Photoallergic contact dermatitis

Published:August 18, 2016DOI:

      1. Indication

      A previously healthy 42-year-old man presented with a 2-day history of an intensely pruritic erythematous well-demarcated plaque on his right anterior ankle (Fig. 1a ) and ipsilateral foot dorsum (Fig. 1b). Multiple hemorrhagic blisters and vesicles were noted on the surface of the plaque. There were no other cutaneous nor mucosal lesions on physical examination. The patient consistently denied prior use of any medications. He referred having developed the plaque about 12 h after returning from a fishing trip. He was convinced he had been bitten by a jellyfish, despite the absence of acute pain or burning sensation while having his feet submerged under water. There was neither fever nor malaise associated. Hence, diagnosis of erysipelas was excluded.
      Fig. 1
      Fig. 1(a & b): Well demarcated erythematous plaques with multiple serohemorrhagic blisters on the left ankle and foot dorsum.
      What is the diagnosis?

      2. Diagnosis

      Answer: Photoallergic contact dermatitis.
      Due to the sharp demarcation of the lesion and its eczematous appearance an allergic contact dermatitis was suspected. The patient was asked about prior use of any sort of topical agents. He reluctantly admitted having used a topical gel recommended by his chiropractor to relieve myalgia a few days before exposure to UV light. We later confirmed the gel contained ketoprofen 2.5%. The diagnosis of photoallergic contact dermatitis (PCD) to ketoprofen was made.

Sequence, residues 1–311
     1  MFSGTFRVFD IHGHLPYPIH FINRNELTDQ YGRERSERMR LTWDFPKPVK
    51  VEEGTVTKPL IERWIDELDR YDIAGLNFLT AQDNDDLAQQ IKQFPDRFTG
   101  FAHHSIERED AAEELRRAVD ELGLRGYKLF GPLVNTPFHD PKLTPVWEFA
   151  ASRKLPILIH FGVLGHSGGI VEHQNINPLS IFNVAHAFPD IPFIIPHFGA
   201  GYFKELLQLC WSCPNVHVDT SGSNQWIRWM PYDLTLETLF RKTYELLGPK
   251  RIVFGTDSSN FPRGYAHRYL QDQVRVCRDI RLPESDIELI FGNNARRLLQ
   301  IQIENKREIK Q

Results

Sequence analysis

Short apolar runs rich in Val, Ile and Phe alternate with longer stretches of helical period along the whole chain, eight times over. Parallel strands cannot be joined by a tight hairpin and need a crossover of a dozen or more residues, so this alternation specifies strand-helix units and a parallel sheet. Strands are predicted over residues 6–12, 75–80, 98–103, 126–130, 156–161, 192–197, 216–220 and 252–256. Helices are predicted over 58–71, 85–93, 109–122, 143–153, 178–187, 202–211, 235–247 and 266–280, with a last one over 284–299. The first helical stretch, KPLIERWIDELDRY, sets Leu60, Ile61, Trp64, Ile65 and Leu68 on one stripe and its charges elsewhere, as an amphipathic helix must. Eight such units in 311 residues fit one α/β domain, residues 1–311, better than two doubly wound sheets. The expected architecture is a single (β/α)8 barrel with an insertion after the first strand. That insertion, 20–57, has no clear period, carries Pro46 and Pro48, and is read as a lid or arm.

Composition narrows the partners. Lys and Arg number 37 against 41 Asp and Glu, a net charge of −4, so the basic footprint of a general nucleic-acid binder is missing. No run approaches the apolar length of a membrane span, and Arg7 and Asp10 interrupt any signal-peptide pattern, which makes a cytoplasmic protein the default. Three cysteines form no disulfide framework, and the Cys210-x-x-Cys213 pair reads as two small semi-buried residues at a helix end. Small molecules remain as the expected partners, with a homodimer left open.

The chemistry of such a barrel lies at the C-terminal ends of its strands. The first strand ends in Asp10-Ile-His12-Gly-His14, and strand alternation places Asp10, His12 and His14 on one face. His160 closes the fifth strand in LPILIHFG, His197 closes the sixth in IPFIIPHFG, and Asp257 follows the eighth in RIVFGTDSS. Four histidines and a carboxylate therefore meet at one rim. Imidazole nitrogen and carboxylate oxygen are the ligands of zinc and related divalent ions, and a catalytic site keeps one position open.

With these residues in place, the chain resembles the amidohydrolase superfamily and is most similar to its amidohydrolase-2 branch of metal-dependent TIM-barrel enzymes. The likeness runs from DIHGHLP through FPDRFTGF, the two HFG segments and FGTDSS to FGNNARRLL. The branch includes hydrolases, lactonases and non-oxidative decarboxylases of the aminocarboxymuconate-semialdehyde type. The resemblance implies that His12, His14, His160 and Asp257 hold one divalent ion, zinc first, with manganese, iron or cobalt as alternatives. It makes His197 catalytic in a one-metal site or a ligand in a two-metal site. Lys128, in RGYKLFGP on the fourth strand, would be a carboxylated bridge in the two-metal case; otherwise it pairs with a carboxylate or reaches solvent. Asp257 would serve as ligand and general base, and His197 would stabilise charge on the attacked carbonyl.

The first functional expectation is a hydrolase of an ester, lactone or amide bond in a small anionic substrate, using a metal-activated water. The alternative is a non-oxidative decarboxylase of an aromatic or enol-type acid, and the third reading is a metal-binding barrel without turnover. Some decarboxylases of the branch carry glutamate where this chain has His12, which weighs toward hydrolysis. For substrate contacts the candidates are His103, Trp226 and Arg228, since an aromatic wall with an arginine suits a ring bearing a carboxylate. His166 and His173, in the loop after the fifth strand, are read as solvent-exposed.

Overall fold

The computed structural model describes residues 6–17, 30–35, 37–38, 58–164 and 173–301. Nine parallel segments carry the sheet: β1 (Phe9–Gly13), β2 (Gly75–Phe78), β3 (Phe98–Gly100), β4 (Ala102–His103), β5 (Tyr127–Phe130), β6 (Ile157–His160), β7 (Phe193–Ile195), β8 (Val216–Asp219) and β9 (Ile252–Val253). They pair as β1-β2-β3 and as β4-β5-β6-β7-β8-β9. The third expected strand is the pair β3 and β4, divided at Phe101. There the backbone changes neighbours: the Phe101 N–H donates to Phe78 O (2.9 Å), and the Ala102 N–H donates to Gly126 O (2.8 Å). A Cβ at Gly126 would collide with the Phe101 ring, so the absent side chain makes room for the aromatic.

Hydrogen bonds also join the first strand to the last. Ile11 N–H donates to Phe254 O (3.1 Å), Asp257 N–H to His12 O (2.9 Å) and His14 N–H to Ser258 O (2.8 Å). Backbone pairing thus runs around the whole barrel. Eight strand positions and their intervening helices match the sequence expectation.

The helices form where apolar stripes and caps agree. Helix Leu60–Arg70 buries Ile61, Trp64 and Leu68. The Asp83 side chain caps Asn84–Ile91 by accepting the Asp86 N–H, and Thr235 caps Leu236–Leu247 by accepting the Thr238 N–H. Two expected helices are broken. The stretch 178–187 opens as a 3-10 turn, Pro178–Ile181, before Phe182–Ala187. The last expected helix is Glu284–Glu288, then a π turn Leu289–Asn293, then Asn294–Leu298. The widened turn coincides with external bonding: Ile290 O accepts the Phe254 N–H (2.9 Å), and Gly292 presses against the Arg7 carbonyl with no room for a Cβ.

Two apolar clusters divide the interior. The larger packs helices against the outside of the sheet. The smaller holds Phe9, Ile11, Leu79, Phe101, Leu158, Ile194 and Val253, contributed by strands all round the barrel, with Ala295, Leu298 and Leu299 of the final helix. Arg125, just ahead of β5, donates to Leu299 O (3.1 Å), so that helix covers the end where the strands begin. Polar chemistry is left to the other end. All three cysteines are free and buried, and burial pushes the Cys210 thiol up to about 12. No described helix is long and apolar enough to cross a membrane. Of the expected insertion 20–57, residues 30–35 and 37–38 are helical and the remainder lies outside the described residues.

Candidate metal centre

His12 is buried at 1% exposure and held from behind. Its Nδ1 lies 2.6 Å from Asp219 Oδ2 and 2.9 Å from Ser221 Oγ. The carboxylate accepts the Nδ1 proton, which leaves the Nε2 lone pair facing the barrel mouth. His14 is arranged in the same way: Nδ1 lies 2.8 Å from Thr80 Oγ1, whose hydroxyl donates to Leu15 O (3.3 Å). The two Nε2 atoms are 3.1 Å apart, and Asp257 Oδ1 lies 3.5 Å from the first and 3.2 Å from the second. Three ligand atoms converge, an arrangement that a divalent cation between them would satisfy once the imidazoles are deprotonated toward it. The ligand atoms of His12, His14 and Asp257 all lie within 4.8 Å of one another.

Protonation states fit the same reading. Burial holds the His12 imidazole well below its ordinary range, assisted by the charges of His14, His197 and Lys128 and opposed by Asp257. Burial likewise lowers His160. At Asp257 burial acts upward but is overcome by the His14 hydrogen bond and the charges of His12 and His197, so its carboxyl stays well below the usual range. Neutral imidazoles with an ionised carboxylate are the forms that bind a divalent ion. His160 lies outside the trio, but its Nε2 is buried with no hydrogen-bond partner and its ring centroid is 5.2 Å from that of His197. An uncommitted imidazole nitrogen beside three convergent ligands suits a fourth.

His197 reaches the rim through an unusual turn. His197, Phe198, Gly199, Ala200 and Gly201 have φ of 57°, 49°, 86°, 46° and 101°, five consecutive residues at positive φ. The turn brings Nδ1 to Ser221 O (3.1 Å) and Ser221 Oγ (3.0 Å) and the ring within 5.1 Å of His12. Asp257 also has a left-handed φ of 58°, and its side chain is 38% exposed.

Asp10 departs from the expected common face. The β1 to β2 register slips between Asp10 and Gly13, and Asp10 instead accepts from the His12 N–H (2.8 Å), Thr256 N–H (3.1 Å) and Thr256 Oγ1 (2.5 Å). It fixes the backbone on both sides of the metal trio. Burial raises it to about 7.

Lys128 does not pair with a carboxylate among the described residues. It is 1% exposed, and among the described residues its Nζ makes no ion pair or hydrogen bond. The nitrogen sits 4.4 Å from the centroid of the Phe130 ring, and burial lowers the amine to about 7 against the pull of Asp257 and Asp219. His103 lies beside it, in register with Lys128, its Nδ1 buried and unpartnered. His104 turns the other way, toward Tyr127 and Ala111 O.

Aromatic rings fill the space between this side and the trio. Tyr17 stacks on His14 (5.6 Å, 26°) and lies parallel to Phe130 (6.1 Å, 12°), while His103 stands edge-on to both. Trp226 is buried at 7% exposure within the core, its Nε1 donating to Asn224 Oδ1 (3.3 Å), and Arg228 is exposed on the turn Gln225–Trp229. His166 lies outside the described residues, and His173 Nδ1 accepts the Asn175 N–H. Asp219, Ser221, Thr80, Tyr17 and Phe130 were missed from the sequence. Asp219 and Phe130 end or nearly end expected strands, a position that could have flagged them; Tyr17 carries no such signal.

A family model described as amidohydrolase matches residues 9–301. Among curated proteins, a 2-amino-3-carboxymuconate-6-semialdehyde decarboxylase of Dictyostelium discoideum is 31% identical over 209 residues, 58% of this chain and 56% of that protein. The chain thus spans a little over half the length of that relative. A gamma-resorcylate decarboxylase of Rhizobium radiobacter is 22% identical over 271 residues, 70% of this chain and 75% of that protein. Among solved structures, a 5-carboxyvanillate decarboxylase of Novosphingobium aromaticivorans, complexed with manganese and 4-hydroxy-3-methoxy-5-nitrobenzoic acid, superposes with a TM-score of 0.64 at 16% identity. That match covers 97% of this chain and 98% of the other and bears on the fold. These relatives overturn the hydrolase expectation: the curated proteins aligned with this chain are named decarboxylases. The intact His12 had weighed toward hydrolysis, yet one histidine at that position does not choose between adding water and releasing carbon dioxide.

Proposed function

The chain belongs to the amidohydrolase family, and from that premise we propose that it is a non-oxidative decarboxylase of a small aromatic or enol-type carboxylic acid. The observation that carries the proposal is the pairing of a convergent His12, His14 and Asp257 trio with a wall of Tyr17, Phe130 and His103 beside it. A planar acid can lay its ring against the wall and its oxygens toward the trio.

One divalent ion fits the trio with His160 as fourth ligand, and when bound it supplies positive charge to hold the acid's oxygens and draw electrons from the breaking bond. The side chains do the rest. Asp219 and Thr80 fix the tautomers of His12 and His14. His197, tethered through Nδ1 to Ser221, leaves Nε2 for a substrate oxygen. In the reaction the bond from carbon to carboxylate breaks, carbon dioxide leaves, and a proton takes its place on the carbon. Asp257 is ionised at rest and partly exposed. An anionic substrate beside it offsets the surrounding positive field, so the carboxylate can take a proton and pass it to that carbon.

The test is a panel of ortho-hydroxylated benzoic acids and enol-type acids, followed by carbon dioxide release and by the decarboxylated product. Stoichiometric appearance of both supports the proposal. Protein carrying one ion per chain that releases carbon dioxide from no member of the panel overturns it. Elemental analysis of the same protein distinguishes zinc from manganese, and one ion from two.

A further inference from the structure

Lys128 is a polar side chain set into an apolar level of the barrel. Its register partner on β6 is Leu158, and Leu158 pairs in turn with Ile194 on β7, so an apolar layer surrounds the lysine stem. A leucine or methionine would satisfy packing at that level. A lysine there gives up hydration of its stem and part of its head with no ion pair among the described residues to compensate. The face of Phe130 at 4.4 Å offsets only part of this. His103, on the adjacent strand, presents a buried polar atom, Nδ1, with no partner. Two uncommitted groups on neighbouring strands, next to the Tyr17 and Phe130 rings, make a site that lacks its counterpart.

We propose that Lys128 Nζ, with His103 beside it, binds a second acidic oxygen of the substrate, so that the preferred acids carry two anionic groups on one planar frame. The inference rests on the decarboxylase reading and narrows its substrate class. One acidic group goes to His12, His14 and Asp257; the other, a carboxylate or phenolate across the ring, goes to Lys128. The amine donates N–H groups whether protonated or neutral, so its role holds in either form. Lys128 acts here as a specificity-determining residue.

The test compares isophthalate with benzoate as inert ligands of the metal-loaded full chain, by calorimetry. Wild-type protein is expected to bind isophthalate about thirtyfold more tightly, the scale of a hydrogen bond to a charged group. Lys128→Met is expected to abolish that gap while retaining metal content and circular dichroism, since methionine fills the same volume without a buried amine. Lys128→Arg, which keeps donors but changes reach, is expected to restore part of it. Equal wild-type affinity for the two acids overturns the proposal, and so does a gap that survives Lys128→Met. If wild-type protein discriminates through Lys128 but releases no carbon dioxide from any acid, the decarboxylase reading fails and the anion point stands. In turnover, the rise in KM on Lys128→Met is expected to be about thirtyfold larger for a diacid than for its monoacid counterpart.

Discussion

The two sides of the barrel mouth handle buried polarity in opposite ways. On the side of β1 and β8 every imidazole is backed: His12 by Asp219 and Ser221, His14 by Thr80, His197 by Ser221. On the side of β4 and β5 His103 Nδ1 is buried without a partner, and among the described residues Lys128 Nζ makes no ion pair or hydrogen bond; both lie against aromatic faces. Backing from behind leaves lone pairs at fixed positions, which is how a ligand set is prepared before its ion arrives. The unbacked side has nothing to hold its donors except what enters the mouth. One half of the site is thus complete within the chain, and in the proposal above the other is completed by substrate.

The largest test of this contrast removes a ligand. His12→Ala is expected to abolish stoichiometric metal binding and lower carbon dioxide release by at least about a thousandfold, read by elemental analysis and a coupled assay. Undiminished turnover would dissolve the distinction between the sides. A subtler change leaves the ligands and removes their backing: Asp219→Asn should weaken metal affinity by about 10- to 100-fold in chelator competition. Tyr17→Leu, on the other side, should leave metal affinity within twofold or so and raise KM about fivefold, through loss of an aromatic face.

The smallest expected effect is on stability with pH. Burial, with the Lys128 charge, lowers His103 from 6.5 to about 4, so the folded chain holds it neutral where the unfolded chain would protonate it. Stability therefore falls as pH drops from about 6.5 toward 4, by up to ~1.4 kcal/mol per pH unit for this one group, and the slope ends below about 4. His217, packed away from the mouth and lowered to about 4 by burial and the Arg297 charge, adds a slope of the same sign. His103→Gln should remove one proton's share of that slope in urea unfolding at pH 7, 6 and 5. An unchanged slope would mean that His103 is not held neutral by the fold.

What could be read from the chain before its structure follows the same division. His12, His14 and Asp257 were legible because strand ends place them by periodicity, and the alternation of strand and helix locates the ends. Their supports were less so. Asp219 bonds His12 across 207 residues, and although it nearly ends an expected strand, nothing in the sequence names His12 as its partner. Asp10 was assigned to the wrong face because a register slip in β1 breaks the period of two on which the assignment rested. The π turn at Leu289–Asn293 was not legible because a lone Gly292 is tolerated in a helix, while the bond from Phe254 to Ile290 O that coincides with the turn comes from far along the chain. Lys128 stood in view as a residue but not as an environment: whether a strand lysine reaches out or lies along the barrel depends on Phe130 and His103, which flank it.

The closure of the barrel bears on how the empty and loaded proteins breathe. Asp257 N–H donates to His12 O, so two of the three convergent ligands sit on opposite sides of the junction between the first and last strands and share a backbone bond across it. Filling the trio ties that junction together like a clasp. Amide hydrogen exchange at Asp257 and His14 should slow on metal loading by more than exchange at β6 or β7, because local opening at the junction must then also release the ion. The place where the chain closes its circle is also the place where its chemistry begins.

Ketoprofen gel was ceased and contraindicated for any further use. A short course of oral and medium-potency topical steroids was started with complete clinical resolution of the lesions.
      The standard patch test was negative. The 24/48 h results of photopatch tests with ketoprofen were positive, confirming PCD.
      PCD is a delayed-type hypersensitivity reaction in response to a photoantigen applied to the skin in patients previously sensitized. It is induced by the topical contact with a chemical in the presence of, or followed by, UV or visible light exposure.
      The most important culprits in PCD are sunscreens and nonsteroidal antiinflammatory drugs (NSAIDs). The latency of the response to light irradiation after the application of a photoallergen is variable. For example, NSAIDs such as ketoprofen may cause individuals to react to sunlight up to weeks after its topical use. Numerous topical NSAID preparations have been introduced and prescribed for management of inflammatory musculoskeletal disorders.
      Therefore, clinicians should be familiar with PCD. We recommend a meticulous anamnesis seeking possible etiological factors like profession, leisure-time activities, use of topical pharmaceutical products and cosmetics. For severe reactions or those that do not resolve quickly, a consultation with a dermatologist should be considered.

      Disclosure statement

      The authors have nothing to disclose.